Last week, we discussed how to optimize your candidate engagement rate to get more high-quality talent into your funnel—but that’s only half the battle. Now, you need to maintain that engagement throughout the interview process and sell candidates on your opportunity. Job openings are at a 17-year high, and candidates have many choices when it comes to where they want to work. Lever data shows that small and medium-sized businesses have a 69 percent offer acceptance rate, meaning they make an average of one and a half offers to make a single hire. If your offer acceptance rate is significantly lower than this benchmark data, or if it’s been declining, read on for four ways to increase it.
1. Provide a standout candidate experience
Nine out of 10 professionals say the interview experience can change their minds about a company—for better or for worse. A common complaint is poor communication between your hiring team and the candidate. Make it a point to follow up with candidates within 24-48 hours, at each stage of your recruitment process. Discover other opportunities for improvement by sending a candidate experience survey at the end of your recruitment process, and monitoring interview reviews on sites like Glassdoor. Look for patterns and devise a plan to make improvements.
2. Learn your candidates’ motivations
Your candidates are evaluating you as much as you are evaluating them. You can increase your conversion rate by learning your candidates’ motivations early on, and sharing how your organization and the role fit the bill. Ask them what they like and dislike about their current role, what they’d like to see in their next opportunity, and why they decided to engage with your organization. Be honest about what your organization can offer, and highlight where your opportunity aligns with the candidate’s motivations for finding a new role. If, for instance, your candidate is frustrated with the lack of advancement in their current role, pair the candidate with an interviewer who has been promoted and highlight your talent development program.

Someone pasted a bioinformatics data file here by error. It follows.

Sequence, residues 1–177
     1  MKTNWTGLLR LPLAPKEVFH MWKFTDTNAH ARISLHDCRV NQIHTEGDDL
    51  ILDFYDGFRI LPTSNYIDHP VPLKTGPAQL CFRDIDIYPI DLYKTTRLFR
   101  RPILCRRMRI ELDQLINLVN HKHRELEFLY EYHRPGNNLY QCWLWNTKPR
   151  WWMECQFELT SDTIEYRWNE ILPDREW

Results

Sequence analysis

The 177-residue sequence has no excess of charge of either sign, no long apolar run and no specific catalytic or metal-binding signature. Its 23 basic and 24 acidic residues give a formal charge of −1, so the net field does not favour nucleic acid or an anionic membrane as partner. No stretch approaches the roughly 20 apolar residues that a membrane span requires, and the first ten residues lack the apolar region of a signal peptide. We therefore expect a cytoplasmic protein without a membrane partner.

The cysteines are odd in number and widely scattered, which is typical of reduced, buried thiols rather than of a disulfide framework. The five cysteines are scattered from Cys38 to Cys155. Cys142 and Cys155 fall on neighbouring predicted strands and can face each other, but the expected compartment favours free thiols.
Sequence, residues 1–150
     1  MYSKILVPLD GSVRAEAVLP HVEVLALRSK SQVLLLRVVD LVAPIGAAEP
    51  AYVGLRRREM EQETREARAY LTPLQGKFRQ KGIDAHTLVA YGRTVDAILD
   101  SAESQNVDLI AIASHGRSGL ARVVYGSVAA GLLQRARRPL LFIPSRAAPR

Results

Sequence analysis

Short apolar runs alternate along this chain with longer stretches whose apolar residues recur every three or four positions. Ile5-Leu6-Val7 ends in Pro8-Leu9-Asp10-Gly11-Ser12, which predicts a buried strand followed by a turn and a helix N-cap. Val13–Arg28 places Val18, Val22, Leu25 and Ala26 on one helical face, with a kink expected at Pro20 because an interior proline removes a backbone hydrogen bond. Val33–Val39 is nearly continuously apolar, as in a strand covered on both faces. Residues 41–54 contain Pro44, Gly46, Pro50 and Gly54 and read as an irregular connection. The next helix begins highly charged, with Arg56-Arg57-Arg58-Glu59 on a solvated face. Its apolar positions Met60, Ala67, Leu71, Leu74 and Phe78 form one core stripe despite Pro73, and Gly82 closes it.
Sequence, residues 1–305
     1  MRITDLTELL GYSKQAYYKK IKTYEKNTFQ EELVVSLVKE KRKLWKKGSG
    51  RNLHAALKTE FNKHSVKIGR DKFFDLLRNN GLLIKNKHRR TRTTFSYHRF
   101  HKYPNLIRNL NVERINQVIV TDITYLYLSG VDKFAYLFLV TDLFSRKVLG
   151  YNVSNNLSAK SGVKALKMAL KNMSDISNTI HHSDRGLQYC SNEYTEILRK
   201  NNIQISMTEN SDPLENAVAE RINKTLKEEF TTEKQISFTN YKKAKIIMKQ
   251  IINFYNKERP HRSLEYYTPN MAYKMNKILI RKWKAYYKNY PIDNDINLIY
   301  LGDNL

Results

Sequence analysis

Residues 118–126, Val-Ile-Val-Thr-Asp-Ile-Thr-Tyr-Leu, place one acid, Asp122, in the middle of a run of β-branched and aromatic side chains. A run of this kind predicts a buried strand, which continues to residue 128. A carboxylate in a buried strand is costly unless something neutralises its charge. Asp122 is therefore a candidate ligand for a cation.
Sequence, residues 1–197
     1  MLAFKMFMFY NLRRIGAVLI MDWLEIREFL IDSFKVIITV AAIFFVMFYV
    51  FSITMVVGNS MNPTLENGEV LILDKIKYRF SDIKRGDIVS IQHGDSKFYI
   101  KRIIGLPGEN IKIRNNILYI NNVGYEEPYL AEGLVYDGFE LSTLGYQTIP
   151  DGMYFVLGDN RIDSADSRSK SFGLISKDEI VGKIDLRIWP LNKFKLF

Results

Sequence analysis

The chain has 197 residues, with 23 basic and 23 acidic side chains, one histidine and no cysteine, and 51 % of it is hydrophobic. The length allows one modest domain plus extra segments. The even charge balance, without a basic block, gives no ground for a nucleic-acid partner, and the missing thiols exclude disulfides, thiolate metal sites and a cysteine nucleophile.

3. Align on salary expectations early
Don’t get to the end of your recruitment process with a great candidate, only to learn that they were anticipating a higher offer. This can be particularly problematic if they have a more competitive offer elsewhere. Sixty-eight percent of people say that salary and compensation is among their top considerations before accepting a job. What’s more, the most common reason candidates reject an offer is compensation. Align on salary expectations early so you can determine if you’re in the same ballpark. Candidates may take a lower salary for the right opportunity, but still expect to meet a minimum threshold. You may be able to negotiate a lower salary in exchange for benefits, including additional time off, learning and development, and the ability to work from home. When in doubt, just ask the candidate what it would take to get them in the door. Doing so will help them feel valued, increasing your chances of closing them.
4. Present a strong offer
When you’ve decided to extend an offer to your first-choice candidate, call them first to share the exciting news and discuss the specifics. Whenever possible, rope in your hiring manager to continue to build the relationship between them and their potential new hire. Let them know how happy the entire team is to extend the offer, and reiterate how your opportunity aligns with their career motivations. Review the salary and benefits being offered, which should not come as a surprise to the candidate. Ask the candidate if they have any reservations about accepting the offer, and be prepared to negotiate as needed. Follow up your phone call with a formal offer letter, detailing all of the same items, and request a response within two business days. If you do not hear back in that timeframe, follow up with the candidate to learn why. They may need a little extra wooing to take the leap of faith that your opportunity will be the right move for them.
Even if you’re doing everything right, you’re not likely to see a 100 percent offer acceptance rate. You can, however, learn from each rejection. When a candidate turns your offer down, find out why so you can screen better, or present stronger offers, in the future. For instance, you may find that candidates are declining your offers due to compensation. In that case, you can either re-think your compensation strategy, or try to be more upfront about your less competitive compensation. You may also bump up and promote employee benefits and perks, as well as your company culture, to attract candidates with motivations more in-line with what your organization has to offer.
To see more data on how your hiring metrics stack up to competitors, download our free eBook: The Little Grey Book of Recruiting Benchmarks